Getting the bear out of the swamp, as always, was an ordeal in itself. It required one hunter out front cutting a trail with a machete and a tag-team dragging effort by several more for more than 100 yards. That was as close as an ATV could get.
From where he fell to the truck was over an hour. Another hour was spent taking pictures and hauling the bear to the DNR check station in Waycross. And here’s where things get somewhat muddled.
DNR Ranger Jim Gillis was working the weigh scale in Waycross, just helping out, although it’s not part of his normal law-enforcement duties.
“When we got the bear up, the scale was flipping back and forth and finally settled on 601 pounds,” Gillis said. “Everybody was excited, but we didn’t know what the state-record weight was.”
It turns out the state-record weight is 600 pounds, a bear killed by a Florida hunter on the western side of the Okefenokee.
“On top of the scale was a 2014 certified validation sticker. I noticed that, but none of us had any idea what steps to take to certify the bear as any kind of record. So I called Greg.”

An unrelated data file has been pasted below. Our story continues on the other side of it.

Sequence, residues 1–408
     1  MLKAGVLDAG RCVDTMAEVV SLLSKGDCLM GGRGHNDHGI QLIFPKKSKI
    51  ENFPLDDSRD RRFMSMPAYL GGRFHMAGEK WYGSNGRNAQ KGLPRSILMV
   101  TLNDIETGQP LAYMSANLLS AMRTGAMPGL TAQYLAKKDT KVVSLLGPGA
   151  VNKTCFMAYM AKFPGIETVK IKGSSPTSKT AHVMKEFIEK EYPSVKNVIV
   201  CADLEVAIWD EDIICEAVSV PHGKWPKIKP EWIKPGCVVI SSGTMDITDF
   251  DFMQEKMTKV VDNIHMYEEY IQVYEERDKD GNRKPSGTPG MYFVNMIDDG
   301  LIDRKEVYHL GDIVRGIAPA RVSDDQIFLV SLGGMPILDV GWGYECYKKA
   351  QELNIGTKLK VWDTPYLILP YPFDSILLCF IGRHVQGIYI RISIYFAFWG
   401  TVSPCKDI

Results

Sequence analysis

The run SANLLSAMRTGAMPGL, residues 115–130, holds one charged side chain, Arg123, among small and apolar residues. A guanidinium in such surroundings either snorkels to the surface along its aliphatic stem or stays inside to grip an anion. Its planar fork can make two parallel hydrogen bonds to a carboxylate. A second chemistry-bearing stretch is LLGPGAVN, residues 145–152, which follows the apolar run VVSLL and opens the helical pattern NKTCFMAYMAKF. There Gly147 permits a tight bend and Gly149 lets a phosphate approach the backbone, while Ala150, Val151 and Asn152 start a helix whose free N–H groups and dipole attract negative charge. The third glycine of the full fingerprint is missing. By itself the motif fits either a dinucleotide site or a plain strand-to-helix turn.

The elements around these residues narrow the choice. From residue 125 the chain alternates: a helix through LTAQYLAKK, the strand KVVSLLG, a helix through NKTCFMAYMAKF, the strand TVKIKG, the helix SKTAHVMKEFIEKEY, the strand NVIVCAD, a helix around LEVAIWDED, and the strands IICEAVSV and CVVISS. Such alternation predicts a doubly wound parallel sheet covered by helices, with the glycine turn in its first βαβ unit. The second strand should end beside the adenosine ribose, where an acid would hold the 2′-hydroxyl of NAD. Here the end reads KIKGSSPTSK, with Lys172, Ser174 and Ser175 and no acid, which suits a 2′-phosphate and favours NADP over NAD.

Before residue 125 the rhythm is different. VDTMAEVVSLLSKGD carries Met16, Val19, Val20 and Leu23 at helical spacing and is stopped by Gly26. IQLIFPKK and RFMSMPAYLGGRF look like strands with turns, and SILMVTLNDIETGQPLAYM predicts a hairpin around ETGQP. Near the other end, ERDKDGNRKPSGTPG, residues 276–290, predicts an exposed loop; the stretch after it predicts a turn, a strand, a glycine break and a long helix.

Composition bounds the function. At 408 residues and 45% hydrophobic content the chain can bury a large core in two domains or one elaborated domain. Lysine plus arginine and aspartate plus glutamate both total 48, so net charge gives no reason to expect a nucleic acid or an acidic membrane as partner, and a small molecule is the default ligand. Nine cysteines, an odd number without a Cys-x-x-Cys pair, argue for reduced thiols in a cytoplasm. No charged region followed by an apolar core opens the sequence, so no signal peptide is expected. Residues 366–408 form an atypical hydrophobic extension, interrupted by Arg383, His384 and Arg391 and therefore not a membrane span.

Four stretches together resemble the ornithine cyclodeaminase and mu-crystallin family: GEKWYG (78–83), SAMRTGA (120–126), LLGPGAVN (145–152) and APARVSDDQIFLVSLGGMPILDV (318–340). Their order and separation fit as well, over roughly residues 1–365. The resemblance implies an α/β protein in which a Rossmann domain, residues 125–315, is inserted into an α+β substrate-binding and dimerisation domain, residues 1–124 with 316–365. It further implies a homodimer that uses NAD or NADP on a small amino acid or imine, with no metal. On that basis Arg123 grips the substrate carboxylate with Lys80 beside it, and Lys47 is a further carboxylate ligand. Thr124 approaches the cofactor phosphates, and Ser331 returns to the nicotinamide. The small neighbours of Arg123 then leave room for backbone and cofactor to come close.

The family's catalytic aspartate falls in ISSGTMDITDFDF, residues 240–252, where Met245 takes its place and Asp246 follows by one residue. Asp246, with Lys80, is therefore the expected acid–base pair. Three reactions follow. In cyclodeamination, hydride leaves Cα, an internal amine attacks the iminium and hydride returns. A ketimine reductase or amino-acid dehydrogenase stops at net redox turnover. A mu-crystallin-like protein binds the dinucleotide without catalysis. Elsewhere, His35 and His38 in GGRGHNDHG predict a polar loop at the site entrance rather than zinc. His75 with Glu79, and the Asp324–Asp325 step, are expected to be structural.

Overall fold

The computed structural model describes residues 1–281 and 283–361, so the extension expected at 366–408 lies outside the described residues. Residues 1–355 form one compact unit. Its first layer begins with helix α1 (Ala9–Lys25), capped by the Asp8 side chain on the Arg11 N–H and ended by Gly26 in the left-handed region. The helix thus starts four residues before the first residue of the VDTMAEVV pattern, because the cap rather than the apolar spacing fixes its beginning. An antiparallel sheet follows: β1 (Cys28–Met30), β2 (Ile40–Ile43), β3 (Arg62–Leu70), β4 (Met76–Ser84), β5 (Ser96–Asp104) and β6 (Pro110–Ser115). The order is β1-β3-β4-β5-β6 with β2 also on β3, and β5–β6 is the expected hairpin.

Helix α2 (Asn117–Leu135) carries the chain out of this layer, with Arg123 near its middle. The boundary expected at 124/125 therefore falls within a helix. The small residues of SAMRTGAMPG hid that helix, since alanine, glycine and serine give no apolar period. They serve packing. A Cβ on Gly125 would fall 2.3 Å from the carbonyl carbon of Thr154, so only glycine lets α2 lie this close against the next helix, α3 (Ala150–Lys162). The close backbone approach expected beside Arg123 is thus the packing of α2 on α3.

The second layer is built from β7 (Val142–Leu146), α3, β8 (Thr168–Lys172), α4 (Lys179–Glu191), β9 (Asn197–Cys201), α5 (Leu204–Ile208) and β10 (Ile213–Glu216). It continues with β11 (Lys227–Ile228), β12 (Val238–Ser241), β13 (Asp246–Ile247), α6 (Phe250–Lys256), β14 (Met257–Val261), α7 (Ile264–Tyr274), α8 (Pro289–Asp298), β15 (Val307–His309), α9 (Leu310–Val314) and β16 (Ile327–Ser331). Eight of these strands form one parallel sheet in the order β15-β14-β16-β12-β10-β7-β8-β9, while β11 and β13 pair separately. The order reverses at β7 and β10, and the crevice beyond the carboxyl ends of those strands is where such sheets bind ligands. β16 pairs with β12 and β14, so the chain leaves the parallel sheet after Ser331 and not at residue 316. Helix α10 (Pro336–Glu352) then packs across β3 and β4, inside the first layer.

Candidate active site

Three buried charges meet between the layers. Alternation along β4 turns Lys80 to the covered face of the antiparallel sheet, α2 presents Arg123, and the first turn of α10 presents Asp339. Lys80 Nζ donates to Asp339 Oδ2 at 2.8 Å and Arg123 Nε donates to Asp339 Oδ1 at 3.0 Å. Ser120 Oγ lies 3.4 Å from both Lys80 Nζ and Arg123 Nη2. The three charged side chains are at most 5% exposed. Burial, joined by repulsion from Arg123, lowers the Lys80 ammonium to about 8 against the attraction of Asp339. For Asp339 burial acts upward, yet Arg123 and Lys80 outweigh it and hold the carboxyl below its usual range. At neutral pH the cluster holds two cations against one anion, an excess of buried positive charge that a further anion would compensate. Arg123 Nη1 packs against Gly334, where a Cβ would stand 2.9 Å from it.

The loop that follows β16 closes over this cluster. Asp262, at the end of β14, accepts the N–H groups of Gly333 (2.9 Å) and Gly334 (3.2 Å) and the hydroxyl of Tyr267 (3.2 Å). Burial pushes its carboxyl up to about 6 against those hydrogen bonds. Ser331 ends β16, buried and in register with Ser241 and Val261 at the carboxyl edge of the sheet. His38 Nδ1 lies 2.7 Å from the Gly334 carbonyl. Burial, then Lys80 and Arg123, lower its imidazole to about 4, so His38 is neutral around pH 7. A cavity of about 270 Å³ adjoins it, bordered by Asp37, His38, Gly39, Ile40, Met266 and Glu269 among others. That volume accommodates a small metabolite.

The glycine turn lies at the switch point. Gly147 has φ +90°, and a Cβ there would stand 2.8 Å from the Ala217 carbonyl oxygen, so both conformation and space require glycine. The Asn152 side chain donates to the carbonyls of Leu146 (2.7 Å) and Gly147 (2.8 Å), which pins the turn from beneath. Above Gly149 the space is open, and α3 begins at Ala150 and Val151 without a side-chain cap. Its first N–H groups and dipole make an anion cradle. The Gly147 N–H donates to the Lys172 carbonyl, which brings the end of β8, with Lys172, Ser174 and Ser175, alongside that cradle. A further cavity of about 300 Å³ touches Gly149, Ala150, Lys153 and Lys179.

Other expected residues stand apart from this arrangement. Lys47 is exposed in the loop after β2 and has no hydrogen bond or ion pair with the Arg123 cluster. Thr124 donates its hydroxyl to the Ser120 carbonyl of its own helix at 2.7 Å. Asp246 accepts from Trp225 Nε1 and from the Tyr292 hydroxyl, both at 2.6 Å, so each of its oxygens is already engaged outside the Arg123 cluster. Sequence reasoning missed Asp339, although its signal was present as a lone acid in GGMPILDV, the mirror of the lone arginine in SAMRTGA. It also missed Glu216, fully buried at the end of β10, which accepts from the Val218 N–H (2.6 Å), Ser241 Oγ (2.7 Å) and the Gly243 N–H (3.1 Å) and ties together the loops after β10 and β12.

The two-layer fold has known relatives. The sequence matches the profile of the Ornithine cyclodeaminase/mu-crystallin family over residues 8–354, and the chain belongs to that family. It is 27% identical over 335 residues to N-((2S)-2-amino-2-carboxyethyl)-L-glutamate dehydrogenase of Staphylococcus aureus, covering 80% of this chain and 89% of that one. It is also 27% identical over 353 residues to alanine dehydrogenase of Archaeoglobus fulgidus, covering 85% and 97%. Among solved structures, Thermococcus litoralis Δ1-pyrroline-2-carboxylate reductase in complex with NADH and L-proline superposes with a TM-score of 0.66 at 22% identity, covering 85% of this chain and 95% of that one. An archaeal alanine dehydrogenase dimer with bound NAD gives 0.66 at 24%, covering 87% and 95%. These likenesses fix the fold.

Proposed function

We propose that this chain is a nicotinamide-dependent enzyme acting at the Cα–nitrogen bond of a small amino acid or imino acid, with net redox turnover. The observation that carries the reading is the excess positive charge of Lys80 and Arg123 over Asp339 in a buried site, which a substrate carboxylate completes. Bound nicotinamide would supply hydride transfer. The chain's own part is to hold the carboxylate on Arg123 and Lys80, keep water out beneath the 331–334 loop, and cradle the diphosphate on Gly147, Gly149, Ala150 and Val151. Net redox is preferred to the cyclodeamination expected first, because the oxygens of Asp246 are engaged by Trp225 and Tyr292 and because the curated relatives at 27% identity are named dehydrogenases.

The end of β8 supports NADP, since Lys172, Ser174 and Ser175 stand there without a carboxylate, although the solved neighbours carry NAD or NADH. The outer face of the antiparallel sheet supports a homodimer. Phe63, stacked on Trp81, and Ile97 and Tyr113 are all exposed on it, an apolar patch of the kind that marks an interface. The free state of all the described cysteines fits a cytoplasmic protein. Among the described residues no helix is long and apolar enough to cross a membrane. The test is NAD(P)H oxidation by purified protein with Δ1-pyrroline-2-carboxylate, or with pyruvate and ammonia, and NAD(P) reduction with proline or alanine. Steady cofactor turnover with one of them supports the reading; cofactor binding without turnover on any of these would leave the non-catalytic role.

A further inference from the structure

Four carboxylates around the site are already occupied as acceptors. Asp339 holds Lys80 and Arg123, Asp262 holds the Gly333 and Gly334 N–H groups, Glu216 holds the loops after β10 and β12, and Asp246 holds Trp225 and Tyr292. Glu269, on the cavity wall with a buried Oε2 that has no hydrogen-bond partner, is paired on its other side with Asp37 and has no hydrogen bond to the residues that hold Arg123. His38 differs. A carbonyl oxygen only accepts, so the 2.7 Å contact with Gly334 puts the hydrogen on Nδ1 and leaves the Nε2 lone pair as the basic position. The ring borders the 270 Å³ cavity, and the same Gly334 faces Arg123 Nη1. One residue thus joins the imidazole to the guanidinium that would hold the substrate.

As in Greg Morris, DNR’s area biologist, who will shed a lot of light on the question of records.
Obviously, Gillis was as excited as the hunters—except maybe Leta—and was going above and beyond to see the bear get its due. He even called DNR headquarters in Social Circle seeking information, as well as the scale company. He then accompanied the Carters to a second set of scales to help document all that went on.
“Social Circle told me to get it to another set of certified scales, get a printout of the weight and have at least one witness.”